Photo by Steven Sokulski
It's that time of year, when invitations to high school graduations arrive in your mail and photos from graduations pop up in your Facebook News Feed. How happy we are to see our family and friends' children complete this milestone!
But in many communities around the country, families with kids still in schools are increasingly concerned about the conditions of the schools they'll return to in the fall—or even if the schools will open at all.
In Chicago, the nation’s third-largest school system, the district’s school chief announced that schools may not open in the fall due to a budget impasse in the state capitol in Springfield, Illinois.
In Kansas, Republican Governor Sam Brownback has called a special session of the state legislature to determine how to address a ruling from the state's supreme court that calls on the state to fix school funding or risk not having its schools reopen in the fal.
In Pennsylvania, state lawmakers fell far short of Governor Tom Wolf's school funding requests and left state education budgets far short of what's needed. Due to the inadequacy of state funding, the Philadelphia Inquirer reports, “at least 60 percent of Pennsylvania school districts plan to raise property taxes and nearly a third expect to cut staff.” A third of respondents said their schools will increase class sizes in the year ahead.
Moreover, according to Education Week, “natural resource-dependent states”—such as Alaska, Louisiana, Oklahoma, and West Virginia—are pulling “millions from their rainy day funds,” rather than raising taxes to fund schools.
In Louisiana, the budget proposal would still leave schools in the lurch financially, leading to “teacher layoffs, cuts to programs, and cuts to the state’s department of education.” Oklahoma schools are looking at a shortfall of $60 million.
In North Carolina, conservative lawmakers are bragging about new teacher raises they just passed, but the state budget cuts millions from principal training, school Internet service, after-school programs, and a scholarship program to help fill shortages in math and science teachers.
You can place blame for the country's education funding crisis squarely at the feet of state lawmakers and policy leaders who simply refuse to fund schools.
State spending, which accounts for about half of most public school districts’ budgets, has been in steep decline for a number of years in most states. A recent report from the Center on Budget and Policy Priorities finds, “Most states provide less support per student for elementary and secondary schools—in some cases, much less—than before the Great Recession,” which started in 2008.
So with states cutting school funds, tax burdens on middle-class families either have to go up at the local levels, or essential school resources—such as libraries, tech labs, nurses, counselors, and programs for arts, foreign languages, and athletics—go away, as is increasingly the case in communities of families who are least capable of bearing tax increases. (Federal spending accounts for less than 10 percent of K-12 school funding, historically.)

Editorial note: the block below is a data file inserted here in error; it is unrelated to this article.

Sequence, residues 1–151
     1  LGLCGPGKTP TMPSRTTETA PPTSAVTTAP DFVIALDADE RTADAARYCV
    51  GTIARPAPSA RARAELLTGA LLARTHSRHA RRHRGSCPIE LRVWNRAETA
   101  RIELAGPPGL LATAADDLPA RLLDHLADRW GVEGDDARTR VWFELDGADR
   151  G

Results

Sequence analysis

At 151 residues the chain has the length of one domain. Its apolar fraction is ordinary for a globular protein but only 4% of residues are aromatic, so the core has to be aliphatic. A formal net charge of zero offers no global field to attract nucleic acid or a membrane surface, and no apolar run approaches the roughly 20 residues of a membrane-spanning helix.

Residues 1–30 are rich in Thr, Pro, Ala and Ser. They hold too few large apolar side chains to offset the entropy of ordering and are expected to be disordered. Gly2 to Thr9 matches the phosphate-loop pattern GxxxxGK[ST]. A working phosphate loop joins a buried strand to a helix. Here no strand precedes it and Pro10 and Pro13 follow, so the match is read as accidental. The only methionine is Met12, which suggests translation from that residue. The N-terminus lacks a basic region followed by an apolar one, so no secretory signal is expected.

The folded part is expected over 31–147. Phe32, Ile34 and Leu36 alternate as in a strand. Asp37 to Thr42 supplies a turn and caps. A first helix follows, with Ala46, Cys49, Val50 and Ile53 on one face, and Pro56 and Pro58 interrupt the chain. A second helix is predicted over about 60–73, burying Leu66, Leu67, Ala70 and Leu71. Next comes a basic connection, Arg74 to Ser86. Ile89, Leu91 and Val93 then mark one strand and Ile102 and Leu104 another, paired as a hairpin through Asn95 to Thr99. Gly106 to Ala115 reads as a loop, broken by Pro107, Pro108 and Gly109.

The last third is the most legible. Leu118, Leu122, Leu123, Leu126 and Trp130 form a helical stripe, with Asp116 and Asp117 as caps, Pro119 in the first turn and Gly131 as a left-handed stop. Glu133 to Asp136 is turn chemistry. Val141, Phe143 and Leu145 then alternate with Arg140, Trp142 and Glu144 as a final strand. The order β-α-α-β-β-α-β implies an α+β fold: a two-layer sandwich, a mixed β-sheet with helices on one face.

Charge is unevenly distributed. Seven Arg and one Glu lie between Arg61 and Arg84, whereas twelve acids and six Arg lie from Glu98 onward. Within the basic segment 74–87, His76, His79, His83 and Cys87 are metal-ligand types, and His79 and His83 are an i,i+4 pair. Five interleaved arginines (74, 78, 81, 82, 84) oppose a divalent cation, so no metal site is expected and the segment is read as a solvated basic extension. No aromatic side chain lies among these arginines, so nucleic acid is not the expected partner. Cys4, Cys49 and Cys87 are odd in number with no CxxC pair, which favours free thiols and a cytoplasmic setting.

Consequently, national per-pupil spending on K-12 public schools has dropped for three straight years, according to the most recent federal financial data. In the meantime, student enrollment in public schools continues to grow, with steady increases projected through fall 2023, according to the National Center for Education Statistics.
There is a persistent myth that somehow, when it comes to education, money doesn't matter. Of course, that notion is instantly refuted by the fact that wealthy people lavish their children with hugely expensive private-school educations. But there are empirical studies showing funding and student achievement levels are closely associated.
A recent review of the research on the effects of school funding on school outcomes, "Does Money Matter in Education?" by Rutgers University Professor Bruce Baker, finds that spending more money on education tends to benefit students "and there is scarce evidence that there are more cost-effective alternatives.”
A study of schools in Michigan shows that additional funding can lead to increased college attendance and college completion. Two other recent papers from Stanford and Berkeley show increases in spending can result in gains in achievement levels and high school graduation rates.
Another review of research, "How Do You Fix Schools? Maybe Just Give Them More Money," by Jordan Weissmann for online news outlet Slate, finds that when schools get more money, they “seem to use their new funding in reasonable ways.” And “they get results.”
Of course, more money is not a panacea, and we need wise oversight of school spending. But as you celebrate graduation season, be sure to congratulate graduates and their schools for a job well done, then tell your elected officials to do theirs and fully fund our schools.
Jeff Bryant is the Progressive Education Lead Fellow and Southeast Regional Fellow. He is also director of the Education Opportunity Network and associate fellow at Campaign for America's Future. Follow Jeff on Twitter at @jeffbcdm.